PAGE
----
Sunday, October 7, 2012

Comment on UPB page 33-36

I think I understand the top half of the page, though I don't yet see much relevance. Perhaps I will need to revisit this later.

Bottom half of 33 and top of 34, section "Preferences and Universality": Molyneux asks himself "can some preferences be objective, i.e. universal?" This confuses me. Is universality supposed to be identical to objectivity here, or does one imply the other, or what?

The author then proceeds to clarify what it would mean for a preference to be objective (universal?), by giving some analogies. Or are they examples? It's not clear. If these are not examples, then he never answers his question before moving on to a new topic. If they are examples, then he could have concluded the section by saying something like "I've shown an example of an objective preference, therefore objective preferences exist."

In his example, Molyneux claims it is universally preferable for a sick person to treat themselves with antibiotics. For the moment, let's not quibble about cases where some other reasonable treatment might be as good or even better than antibiotics, assume that antibiotics are clearly indicated. The sick person has a goal, which is to return to good health, and by assumption we all know that antibiotic treatment is his best option.

The universality aspect comes from our ability to place any person in that situation and get the same answer, right? Not that all persons should have some preference with regard to the specific person's action, but that any person in those circumstances should prefer the proper treatment, given that she/he is ill and wants to recover.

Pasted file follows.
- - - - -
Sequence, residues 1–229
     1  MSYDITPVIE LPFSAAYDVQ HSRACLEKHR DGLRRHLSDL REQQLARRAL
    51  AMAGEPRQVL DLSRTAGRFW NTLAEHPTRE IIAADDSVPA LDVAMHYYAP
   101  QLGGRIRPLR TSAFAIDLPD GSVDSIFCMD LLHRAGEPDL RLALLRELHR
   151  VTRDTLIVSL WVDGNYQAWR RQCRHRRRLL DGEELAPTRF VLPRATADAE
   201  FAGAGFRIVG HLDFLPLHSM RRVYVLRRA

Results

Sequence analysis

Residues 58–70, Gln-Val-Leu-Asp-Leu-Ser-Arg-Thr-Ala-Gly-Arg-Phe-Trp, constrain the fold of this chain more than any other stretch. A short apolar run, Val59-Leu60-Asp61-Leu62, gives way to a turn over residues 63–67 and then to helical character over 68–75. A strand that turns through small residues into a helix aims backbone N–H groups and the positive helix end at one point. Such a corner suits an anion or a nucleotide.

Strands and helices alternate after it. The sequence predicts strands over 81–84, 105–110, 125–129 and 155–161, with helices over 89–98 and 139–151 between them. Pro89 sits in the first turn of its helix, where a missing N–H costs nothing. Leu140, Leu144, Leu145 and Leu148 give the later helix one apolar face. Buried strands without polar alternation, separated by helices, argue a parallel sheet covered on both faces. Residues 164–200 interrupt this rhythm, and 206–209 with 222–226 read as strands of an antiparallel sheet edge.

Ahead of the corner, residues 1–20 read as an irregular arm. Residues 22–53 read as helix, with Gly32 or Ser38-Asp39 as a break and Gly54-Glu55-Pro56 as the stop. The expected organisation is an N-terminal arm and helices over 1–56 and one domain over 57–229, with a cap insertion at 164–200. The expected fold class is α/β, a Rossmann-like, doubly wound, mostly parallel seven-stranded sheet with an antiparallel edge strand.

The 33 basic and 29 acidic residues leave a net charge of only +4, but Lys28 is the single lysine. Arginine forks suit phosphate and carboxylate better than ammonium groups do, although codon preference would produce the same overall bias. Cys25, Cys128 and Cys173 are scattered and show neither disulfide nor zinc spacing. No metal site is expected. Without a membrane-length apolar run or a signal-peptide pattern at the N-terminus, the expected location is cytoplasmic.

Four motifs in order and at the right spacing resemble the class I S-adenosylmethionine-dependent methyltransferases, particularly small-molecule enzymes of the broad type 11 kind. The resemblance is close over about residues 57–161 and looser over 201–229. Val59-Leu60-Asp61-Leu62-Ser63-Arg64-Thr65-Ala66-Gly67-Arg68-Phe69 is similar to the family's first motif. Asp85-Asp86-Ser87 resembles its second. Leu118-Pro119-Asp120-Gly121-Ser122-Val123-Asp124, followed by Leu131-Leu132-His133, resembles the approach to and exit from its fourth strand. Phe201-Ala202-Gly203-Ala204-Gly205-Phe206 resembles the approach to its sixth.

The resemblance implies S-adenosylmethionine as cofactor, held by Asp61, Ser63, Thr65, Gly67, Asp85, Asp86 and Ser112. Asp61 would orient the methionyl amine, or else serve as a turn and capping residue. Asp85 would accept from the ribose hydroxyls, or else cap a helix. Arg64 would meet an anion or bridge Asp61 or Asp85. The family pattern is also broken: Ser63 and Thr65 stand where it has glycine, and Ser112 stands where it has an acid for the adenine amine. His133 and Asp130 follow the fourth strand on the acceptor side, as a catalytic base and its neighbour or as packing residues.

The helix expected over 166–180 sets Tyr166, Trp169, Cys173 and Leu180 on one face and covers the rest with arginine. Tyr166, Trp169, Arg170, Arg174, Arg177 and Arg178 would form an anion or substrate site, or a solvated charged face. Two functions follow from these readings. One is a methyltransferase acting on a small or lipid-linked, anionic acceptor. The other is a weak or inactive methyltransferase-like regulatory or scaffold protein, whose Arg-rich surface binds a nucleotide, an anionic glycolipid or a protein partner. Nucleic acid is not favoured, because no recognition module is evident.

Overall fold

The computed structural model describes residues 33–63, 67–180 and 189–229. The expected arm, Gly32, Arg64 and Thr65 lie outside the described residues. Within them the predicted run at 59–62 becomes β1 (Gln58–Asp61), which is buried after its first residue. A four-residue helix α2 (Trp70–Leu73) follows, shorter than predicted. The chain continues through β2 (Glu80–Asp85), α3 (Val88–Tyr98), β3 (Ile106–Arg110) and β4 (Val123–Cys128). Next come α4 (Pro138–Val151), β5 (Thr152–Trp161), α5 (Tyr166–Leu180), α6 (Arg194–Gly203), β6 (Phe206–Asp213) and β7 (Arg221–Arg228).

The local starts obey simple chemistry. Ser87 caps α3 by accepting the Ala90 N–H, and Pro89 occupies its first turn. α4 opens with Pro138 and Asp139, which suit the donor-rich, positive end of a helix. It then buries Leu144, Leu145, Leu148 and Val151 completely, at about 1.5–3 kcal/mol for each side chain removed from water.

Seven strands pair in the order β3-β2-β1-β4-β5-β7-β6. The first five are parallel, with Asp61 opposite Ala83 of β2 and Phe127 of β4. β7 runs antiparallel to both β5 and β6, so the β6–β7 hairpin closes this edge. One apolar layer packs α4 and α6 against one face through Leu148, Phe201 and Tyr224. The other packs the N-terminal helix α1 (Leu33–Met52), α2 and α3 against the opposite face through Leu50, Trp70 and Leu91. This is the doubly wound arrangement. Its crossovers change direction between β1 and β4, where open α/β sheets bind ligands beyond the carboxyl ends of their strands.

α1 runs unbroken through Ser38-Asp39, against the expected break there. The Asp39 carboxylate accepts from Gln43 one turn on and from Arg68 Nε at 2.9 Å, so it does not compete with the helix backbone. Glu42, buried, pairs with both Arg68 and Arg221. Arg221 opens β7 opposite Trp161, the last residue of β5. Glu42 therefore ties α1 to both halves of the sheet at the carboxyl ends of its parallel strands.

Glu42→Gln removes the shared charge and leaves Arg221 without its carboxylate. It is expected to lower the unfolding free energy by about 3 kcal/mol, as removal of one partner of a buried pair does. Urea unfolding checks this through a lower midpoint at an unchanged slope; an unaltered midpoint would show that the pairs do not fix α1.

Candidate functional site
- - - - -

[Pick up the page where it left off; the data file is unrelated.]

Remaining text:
Does the objectivity of the preference derive from universality, or from our assumption regarding the cause and effect relationship between the malady and the cure? Will no subjective factors creep in, such as the sick person's attitude toward risk? Some people are allergic to antibiotics, does that break universality?

If we could predict the future perfectly, the sick person could just choose a preferred outcome. Presumably in this perfect information case all persons would agree and make the same choice. So with perfect information, objectivity implies universality.

But what if we step back from this assumption of perfect omniscience and instead give persons a more realistic but still well-informed choice, such as, given your diagnosis, there's such a chance of full recovery with antibiotic treatment, such a chance of failure of the treatment, and such a chance of complications like allergic reaction. Different persons will have different attitudes toward risks associated with different actions, how do we save objectivity and universality? Perhaps the cases that UPB deals with are less ambiguous?

An actual example of a universal preference would illustrate the idea in a helpful way. This example didn't help me much.

Page 34, Section "Arguments and Universality": This begins a long list of premises Molyneux believes derive from the act of arguing, so that anyone who makes an argument implicitly accepts their truth. This will allow him to accuse certain arguments of being self-defeating. The list goes on for a few pages. I'm not sure about the relevance of these premises, I'm skipping most of them for now.